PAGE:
But allowing opposing sides of himself to coexist is what leads him to write songs like “I Love You” or “Beat The Cancer," and it’s what makes them all the more impactful. Because thugs need love and less cancer too! Real life!!! But in practice, most white listeners' attention spans are too short and their world views too corrupted to fully understand a narrative that's thousands of songs deep, or the subtleties of a black artist's perspective. In this way, Lil B is like Dave Chappelle: you get "I'm Rick James!" memes, and you get teen boys dressed in chef hats at his concerts shouting "BasedGod, fuck my bitch!" Dumb teen boys grow into adult 4chan jerks — at least enough of them to proliferate the meme in that space, so it catches on among the even-less-informed.
So many fake based lol its at all time high lol fake based have no shame either lol shouts out to real based not many only few real - Lil B— Lil B THE BASEDGOD (@LILBTHEBASEDGOD) November 25, 2013
Lil B has been declaiming the “fake based” among his followers since at least 2013 — and explicitly those who haven’t “studied the positive.” Back then he was releasing mixtapes almost monthly, but he recently took a few years off. It would be total speculation to suggest his hiatus was brought on by the scourge that is fake based, but I know they've affected me. Since the beginning of his now 12-year career, I've enjoyed being a Lil B apologist. He's a button-pusher, cleverly but also naively controversial, whether the debate is over the legitimacy of his talent or the content of his raunchiest songs. But at shows or scanning deep in the replies to his Twitter, which can devolve so quickly into misogyny or just plain grossness, often my fandom felt more like my shame. For a while, I stopped really listening. And then Lil B released Black Ken.
For years, Black Ken was a myth. The artwork was shared as far back as 2010, and from time to time Lil B would mention that he was working on it. Like some of his ambient music projects but none of his dozens of rap releases before it, the project would be produced entirely by the BasedGod. The end result, which he shared this July as a rare for-sale release, was like a kaleidoscopic rendering of his entire catalog, distilled into 27 tracks — profoundly clever and contradictory and free. I love when he says “I own my own masters so I’m a real rapper” on “Wasup JoJo,” or the nonsensical beat on “Zam Bose.” Maybe that's another reason the libertarians took to him: he's freer than they'll ever be.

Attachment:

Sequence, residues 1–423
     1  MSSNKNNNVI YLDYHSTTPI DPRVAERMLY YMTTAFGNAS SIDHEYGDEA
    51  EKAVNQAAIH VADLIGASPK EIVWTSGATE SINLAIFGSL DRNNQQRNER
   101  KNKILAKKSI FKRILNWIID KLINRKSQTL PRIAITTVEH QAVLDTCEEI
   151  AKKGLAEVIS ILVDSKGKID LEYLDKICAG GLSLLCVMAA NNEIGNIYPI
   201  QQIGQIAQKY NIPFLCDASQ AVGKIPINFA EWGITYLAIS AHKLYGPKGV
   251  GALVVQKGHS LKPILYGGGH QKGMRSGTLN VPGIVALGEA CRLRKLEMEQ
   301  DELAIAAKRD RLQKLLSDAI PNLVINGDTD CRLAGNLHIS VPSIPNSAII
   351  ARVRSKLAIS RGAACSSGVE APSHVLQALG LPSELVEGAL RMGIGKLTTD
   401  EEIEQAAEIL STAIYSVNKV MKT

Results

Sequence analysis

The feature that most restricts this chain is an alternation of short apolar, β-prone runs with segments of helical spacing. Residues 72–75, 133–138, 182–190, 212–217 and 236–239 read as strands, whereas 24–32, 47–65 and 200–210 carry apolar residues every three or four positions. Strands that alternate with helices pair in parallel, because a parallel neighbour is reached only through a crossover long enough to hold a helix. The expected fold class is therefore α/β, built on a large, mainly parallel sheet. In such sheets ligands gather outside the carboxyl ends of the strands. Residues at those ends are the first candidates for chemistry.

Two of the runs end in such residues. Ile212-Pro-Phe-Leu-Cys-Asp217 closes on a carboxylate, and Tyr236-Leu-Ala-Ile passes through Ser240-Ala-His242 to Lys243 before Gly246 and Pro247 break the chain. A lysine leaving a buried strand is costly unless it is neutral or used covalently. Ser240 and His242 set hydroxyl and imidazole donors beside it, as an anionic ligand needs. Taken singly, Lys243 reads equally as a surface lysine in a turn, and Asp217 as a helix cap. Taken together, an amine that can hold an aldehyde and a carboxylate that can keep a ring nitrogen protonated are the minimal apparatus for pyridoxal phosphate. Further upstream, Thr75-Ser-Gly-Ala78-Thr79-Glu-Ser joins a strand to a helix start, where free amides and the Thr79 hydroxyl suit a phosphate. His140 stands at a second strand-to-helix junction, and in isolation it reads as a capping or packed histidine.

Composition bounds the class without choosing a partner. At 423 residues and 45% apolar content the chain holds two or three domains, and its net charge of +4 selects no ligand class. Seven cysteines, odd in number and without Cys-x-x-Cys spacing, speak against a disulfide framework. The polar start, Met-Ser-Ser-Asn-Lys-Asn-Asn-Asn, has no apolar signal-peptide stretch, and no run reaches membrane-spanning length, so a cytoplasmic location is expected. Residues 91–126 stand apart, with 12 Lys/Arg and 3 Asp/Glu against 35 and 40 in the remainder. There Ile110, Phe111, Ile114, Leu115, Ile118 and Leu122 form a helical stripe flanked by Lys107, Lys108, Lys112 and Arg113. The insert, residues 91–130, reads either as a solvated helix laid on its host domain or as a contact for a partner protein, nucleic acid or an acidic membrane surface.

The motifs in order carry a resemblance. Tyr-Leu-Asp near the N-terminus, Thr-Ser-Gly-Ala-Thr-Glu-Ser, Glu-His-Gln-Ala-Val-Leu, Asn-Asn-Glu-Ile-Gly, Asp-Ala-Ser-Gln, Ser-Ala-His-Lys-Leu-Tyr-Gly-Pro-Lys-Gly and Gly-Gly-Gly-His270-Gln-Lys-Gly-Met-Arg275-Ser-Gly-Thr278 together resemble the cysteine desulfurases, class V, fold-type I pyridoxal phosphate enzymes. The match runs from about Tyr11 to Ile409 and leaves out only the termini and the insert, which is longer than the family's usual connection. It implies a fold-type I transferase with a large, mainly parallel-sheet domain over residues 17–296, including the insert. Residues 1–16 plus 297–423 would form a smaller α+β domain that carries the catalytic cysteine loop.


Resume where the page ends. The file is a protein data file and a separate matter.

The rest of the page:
But while Based Stick Man was off committing actual assaults and pulling in $100k in donations to his legal fees, the alt-right wasn't saying shit about Black Ken. The message boards were eerily silent about the album, so last week I downloaded the social media app Gab, meant to a free speech haven for people banned from Twitter, to see if anyone was talking. This was the only post I saw:
Is it a surprise that white nationalists aren't actually listening to Lil B? Of course not. But I still want to flag their lack of engagement with Black Ken because the existence of Based Stick Man bums me the fuck out. The fake based are out there, dragging a good idea through the dirt. This is why we need Antifa, I'm not even kidding. To protect Lil B at all costs.